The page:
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Jim Park, Jalcide Interactive, programmer
Stephanie Rau, Rau Barber, photographer
mono, project design and development/client

Launch Site

"A simple, fun idea executed brilliantly. I'm a fan, I've had this as my screensaver for awhile." —juror Gabrielle Weinman

"A simple idea executed really well. Provokes a reaction with every click." —juror Jon McVey

Overview: When Minneapolis ad agency mono began thinking about a holiday card that was a bit "different," they had no idea that this is what they would end-up with. Using the faces of the agency's fifteen employees and exchanging features, they created newer, stranger (some might call them disturbing) visages. It's a clickable, seemingly endless mashup and a seamless, engaging presentation—supplemented by a scrollable gallery of images (for anyone who doesn't have the time, or energy to shuffle for themselves) and a downloadable screensaver version.

• The site consists of 759,375 different faces.
• Within one month of launch monoface tracked over 20 million page views.
• The site is currently being used as a teaching tool in a high school math class.

Comments by mono:
What was the most challenging aspect of the project? "Our goal was simple, but also a bit of a conundrum: How could we do a holiday card without doing a holiday card? You know, a take-off on the family photo where the whole company gathers for a single photograph. Being big believers in simplicity, the idea of one face to represent all seemed to us the perfect solution.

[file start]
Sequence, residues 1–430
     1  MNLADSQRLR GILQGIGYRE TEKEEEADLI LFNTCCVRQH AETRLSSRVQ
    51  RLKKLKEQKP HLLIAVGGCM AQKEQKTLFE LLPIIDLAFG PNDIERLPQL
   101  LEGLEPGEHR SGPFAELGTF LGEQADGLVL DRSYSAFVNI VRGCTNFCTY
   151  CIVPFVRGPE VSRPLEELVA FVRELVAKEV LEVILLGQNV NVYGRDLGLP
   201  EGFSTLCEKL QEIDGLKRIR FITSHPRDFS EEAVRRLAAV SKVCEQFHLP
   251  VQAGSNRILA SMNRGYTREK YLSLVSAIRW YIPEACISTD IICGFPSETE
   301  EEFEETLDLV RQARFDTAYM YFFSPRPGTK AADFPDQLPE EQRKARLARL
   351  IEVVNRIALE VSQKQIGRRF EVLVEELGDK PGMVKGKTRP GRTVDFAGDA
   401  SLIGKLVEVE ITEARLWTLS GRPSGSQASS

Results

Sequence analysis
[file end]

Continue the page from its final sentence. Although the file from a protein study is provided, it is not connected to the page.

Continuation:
"While the idea was simple, the execution wasn't. To create the desired effect of seamlessly merging different faces meant a photo shoot that was more like a math problem—and hours and hours of retouching. At the end of all that complexity, though, developing the site seemed utterly simple.

"We had about one month to produce the project from beginning to end. Not a lot of time. We dedicated five people to the project including our talented programmer Jim Park and an equally talented, and patient, photographer. (Without their passion we never would have pulled it off.)

"When we finished, we sent it to a few hundred folks we knew who we thought would enjoy it. Turns out that a few million folks we didn't know liked it too. Eventually it ended-up being posted to hundreds of blogs all over the world and our ISP had to limit traffic because we took down one of their shared servers. Probably our favorite comment came from the bookmarking site del.icio.us who said simply: 'The Internet has reached its pinnacle. Now everything is downhill.'"


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